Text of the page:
# Three Monkeys, Three Typewriters, Two Days

## May 7, 2003

### Speaking of TeX

When I first typed TeX in my previous comment, I entered it as "TeX". Then I thought to myself, "This is the Web, not a plaintext document. Surely I can use some CSS to mark this up so that it will look right!"

And indeed, simply doing

T<span style="vertical-align: -0.5ex;
line-height: 0;
text-transform: uppercase">e</span>X


did sort of what I wanted. Here the -0.5ex was a guess based on what I knew the result should look like, the line-height was needed to not cause an unsightly line-spacing increase (CSS3 has some proposed properties for handling this globally), and the text-transform was used to allow non-CSS clients to degrade gracefully.

There was just one problem. The result looked ugly as sin. Still does, really. So I took a peek at what \TeX is actually defined as. And that is:

T\kern-.2em\lower.5ex\hbox{E}X


So I was right about the vertical-align; what I was missing was the kerning. It's still missing, as you can tell, because I cannot think of a good way to do it in CSS (relative positioning is no good, since that will make the space after the "X" too big). Oh, well. Chalk up a point for 20-year-old technology.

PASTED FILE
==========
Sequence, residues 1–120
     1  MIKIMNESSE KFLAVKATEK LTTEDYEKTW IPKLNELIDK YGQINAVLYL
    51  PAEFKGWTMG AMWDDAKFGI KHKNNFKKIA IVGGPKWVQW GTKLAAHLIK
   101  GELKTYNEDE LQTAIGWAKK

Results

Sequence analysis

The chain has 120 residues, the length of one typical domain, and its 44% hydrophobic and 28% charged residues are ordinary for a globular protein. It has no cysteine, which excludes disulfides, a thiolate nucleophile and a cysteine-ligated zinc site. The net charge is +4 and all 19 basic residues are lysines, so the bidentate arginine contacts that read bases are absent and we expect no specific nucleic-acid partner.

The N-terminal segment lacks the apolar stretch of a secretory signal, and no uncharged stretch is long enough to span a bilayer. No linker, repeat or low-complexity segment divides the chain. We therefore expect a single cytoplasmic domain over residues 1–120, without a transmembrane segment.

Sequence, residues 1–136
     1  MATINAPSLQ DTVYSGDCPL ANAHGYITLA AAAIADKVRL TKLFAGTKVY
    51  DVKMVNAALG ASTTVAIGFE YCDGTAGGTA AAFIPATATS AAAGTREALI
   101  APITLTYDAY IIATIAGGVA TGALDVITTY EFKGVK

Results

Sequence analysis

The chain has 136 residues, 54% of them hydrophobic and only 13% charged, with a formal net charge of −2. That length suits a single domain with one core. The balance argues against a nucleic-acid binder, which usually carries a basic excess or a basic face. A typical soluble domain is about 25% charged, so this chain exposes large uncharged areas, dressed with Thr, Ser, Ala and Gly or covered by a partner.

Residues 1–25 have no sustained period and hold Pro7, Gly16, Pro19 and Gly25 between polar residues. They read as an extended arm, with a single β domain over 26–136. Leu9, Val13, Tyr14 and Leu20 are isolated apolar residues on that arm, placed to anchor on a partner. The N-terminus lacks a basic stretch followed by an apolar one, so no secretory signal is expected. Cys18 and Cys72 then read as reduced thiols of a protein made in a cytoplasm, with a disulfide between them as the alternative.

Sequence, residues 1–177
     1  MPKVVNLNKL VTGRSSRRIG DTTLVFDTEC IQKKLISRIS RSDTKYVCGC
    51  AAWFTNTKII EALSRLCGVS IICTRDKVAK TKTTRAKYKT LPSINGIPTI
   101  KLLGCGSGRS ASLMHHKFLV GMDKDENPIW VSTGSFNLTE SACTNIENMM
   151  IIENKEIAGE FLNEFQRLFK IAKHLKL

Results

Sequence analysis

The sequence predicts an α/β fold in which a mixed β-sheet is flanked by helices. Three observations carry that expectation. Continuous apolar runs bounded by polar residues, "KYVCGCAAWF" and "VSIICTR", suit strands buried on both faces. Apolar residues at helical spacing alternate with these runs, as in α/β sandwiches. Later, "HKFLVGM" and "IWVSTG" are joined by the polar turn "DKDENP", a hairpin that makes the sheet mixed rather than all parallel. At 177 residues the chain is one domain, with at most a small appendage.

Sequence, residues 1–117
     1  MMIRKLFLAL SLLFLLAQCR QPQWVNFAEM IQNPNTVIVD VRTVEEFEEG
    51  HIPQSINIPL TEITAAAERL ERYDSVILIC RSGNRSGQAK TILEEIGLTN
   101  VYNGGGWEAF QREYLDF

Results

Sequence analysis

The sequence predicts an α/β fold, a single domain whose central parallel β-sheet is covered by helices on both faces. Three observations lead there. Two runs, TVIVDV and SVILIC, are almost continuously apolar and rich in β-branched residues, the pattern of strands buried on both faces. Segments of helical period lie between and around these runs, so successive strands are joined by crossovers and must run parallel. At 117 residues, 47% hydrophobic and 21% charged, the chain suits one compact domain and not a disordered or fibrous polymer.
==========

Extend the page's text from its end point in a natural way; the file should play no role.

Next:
On a related note, this is actually a case when use of the "style" attribute seems to be in order. I suppose I could set a class="e-in-TeX" on those spans and move the style into the site stylesheet, but that seems pretty silly too (though now that I have that markup in two or three places on this page that may indeed make sense). What I would like is a way to say, "Put TeX logo here," without having to repeat the icky markup for it every time. Chalk up a second point for 20-year-old technology, I guess.

Posted by bzbarsky at May 7, 2003 11:14 PM